The approach to the shop required passing through an iron gate in the middle of the eight foot tall wooden fence plastered with “No Trespassing” signs and at least one version of most others including “Private Property” and “Posted.” The most prominent sign was obviously home made as it used a rusted trunk lid from some type of old vehicle and had a decent drawing of a carbine along with “If you can read this you are within range.”
Once inside the fence, the shop could be seen to the far right of the property; back against the property line. The remainder of the area held a neatly arranged assortment of sedans and pickup trucks from the 30s to the 70s. A 1958 Chevrolet pickup with a broken windshield and after market side view mirrors set next to a 50’s something Ford pickup with a rusted out bed. The meat smoker slash BBQ grill was the only thing in the yard that did not have an accumulation of Alabama’s unique blend of rust, mildew and pollen.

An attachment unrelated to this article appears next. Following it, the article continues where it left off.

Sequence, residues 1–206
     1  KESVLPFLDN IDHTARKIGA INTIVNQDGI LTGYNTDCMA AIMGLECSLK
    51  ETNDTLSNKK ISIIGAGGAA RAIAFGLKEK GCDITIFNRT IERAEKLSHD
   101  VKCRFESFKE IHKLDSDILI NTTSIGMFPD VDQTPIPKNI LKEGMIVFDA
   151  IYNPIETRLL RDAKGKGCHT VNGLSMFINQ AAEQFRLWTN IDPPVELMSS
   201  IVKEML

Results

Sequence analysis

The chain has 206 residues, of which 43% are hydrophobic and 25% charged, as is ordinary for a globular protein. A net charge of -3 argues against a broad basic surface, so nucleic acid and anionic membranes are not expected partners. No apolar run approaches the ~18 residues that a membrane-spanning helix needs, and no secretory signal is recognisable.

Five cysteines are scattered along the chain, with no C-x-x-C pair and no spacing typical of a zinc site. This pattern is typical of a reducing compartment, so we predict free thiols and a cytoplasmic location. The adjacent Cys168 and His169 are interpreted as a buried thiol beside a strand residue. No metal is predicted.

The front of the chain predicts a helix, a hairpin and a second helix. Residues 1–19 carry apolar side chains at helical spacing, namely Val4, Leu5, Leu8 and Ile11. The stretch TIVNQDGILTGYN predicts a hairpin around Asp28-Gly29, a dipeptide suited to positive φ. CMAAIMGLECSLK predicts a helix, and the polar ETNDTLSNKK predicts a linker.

The short concrete drive ran the full width of the large barn-like doors that were wide open and fastened against the wind with lengths of rusted chain. The first to come into view when arriving within only a few feet of the opening was the back wall nearly covered with auto license plates from all 50 states; some dating back to the 30’s and 40’s. A few odd looking plates from various countries were neatly included in the collection as well as a variety of U.S. Government tags forcing one to imagine how those might have been acquired.
The license plate collection effectively camouflaged a wall that was not the back wall of the shop as one might think but rather was the front wall of a small office from which one could escape the heat and noise of the activity in progress. Although it was a one man shop, various pieces of equipment, apparently automated, were working away. A milling machine was screaming atop what appeared to be small block Chevrolet heads and the electric hacksaw was working its way through a front axle.